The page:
Getting a Credit Card to Rebuild Credit

If you are recovering from debt troubles, consider getting a credit card to rebuild credit.

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If you are trying to improve your credit after it's taken a hit, consider getting a credit card. By using a credit card to make small purchases and paying the credit card account in full each month, you can start to build up positive credit history. But it's not always easy to get a credit card if your current credit file is weak. Here's how to get a credit card when you've had bad credit in the past.

Explore Other Options Before Getting a Credit Card

Often, getting a new credit card is not the best way to begin your quest to improve credit. Before you start searching for a credit card, explore other things you can do to improve your credit. To learn how, see the articles on Rebuilding Credit Without Getting New Credit. Only get a credit card when you are truly ready.

Get a Department Store or Gas Station Credit Card

It’s often easiest to get a credit card from a department store or gasoline company. These companies usually open your account with a very low credit line. If you start with one credit card, charge items, and pay the bill on time, other companies will be more likely to issue a card to you.

When you use department store and gasoline cards, don’t carry a balance from one month to the next. There are several reasons why carrying a balance is not a good idea:

  • The interest rate on these cards can be very high.
  • Because the credit limits tend to be very low, if you carry a balance, the percentage of the credit limit you have used will be high. This will lower your credit score.
  • Carrying a small balance suggests to potential creditors that you are not able to manage even small amounts of credit.

Apply for a Regular Credit Card

After you have successfully used a store or gasoline credit card for several months to a year, then you may be able to apply for a regular credit card from a credit union or bank, such as a Visa, MasterCard, or Discover card. (To get the best deal, see Shopping for Credit Cards.)

Depending on how bad your credit history is, you may be eligible only for a low credit line or a card with a high interest rate. If you use the card and make your payments, after a year or so you can apply to increase your line of credit or reduce the interest rate.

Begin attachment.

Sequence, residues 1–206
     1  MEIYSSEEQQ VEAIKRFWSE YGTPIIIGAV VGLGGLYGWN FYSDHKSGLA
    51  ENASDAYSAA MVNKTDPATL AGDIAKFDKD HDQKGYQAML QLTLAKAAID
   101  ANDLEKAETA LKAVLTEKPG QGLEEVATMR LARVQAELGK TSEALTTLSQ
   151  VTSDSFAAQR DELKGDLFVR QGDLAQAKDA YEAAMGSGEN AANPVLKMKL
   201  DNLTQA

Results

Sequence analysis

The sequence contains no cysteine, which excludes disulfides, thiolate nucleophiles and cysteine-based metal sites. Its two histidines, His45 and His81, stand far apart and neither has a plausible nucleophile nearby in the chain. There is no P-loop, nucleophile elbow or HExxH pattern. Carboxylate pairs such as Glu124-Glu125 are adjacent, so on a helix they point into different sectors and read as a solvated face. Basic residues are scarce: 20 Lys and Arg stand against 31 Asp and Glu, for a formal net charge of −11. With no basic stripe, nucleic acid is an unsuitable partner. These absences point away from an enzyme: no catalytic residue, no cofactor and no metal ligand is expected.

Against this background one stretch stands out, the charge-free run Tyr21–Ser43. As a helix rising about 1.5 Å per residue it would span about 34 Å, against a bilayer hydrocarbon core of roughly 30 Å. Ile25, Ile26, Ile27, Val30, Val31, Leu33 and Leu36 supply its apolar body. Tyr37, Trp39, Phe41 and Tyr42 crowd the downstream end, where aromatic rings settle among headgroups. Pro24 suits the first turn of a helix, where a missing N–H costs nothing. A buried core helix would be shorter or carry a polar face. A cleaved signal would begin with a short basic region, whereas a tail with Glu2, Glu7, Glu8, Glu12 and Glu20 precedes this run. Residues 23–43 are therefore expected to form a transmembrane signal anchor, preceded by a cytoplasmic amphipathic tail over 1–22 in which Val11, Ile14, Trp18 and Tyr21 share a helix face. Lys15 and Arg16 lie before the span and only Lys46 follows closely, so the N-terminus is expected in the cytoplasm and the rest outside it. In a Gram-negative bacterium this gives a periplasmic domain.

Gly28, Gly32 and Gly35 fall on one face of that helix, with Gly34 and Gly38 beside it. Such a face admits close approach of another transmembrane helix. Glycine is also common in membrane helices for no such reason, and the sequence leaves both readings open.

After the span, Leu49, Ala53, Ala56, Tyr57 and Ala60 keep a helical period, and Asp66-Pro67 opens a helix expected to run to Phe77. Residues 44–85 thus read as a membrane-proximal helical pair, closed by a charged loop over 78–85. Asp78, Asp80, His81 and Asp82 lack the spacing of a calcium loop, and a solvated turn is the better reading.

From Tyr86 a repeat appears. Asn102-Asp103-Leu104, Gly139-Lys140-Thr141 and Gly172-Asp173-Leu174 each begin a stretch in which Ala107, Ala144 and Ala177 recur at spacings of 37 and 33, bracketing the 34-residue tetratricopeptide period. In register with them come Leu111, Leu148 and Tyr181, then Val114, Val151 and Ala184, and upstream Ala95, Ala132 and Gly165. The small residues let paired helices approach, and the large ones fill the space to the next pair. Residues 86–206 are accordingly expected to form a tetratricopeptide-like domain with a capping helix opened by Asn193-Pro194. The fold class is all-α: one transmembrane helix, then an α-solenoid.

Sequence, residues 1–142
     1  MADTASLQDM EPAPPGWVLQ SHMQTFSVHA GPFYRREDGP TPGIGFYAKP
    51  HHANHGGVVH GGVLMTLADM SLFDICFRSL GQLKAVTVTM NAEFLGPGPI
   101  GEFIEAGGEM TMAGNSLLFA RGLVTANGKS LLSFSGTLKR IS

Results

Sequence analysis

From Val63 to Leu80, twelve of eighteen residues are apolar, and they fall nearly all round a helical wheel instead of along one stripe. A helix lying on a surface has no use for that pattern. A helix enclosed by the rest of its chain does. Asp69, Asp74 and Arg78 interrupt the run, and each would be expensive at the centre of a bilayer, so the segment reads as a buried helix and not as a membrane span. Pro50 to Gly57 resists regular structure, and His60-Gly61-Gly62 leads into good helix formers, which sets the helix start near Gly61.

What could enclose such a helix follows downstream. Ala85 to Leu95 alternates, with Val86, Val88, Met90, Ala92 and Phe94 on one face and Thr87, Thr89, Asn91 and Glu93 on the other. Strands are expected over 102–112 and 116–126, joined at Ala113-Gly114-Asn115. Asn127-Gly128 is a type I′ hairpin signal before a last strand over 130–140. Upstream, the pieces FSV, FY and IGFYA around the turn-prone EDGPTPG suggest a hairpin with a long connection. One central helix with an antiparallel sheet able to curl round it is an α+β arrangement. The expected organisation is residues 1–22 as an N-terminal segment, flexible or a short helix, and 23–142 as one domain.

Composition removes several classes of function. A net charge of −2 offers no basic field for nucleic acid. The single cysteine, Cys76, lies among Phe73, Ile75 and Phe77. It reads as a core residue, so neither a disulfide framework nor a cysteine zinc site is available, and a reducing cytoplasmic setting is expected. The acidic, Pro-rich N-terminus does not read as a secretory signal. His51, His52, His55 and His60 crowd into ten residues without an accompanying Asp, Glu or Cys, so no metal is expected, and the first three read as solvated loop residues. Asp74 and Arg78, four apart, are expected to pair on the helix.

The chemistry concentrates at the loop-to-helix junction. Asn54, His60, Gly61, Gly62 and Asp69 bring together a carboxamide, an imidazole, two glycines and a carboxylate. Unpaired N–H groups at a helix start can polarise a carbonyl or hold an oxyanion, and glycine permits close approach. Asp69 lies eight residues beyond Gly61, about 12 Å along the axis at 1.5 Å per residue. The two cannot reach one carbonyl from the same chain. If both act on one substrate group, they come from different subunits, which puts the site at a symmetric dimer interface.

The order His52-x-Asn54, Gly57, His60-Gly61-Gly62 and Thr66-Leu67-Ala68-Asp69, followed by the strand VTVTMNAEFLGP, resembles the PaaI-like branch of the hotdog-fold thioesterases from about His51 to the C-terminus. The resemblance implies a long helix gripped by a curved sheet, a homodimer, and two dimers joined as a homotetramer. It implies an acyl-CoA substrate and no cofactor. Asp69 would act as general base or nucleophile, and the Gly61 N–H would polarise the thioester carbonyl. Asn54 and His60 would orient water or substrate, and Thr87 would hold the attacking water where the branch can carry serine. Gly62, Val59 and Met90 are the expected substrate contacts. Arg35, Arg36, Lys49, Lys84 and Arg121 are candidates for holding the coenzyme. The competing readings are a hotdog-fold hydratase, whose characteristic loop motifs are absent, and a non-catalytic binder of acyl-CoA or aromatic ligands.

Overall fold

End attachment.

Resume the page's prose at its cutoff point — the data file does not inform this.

Tips to Help You Get a Credit Card

The following tips will help increase your likelihood of being approved for a new credit card or an increased credit limit:

  • Use the same format for your name every time. Don't use your middle initial once, and then not again. The same goes for Jr. and Sr. -- either use it all the time or never.  
  • Present yourself in a sympathetic light.  Lenders are especially apt to ignore past credit problems that were out of your control -- such as those caused by a job layoff or illness. But make sure you are honest when you present your story.
  • Bolster your credit application. Don’t lie, but don’t denigrate yourself, either. For example, if you’re an administrative assistant, don’t put “clerk/typist” for your job title. Also, if you are married and your spouse has excellent credit, apply jointly or at least indicate on the credit application that you are married.
  • Choose your timing. Apply for credit when you are likely to get it. For example, apply when you are working, when you’ve lived at the same address for at least a year, and when you don’t have an unusually high number of inquiries on your credit report.
  • Apply for credit from creditors with whom you’ve done business. For example, your phone company, insurance company, or bank may offer Visas or Master Cards to their customers.

If You Can't Get a Regular Credit Card:  Secured Cards

If you can't get a credit card, you can try to get a secured credit card. Secured cards are easier to get, although often end up being more expensive. To learn more, see Getting a Secured Credit Card.

To learn more about credit reports and rebuilding credit, visit our Credit Repair area.

This is an excerpt from Credit Repair, by Margaret Reiter and Robin Leonard (Nolo).

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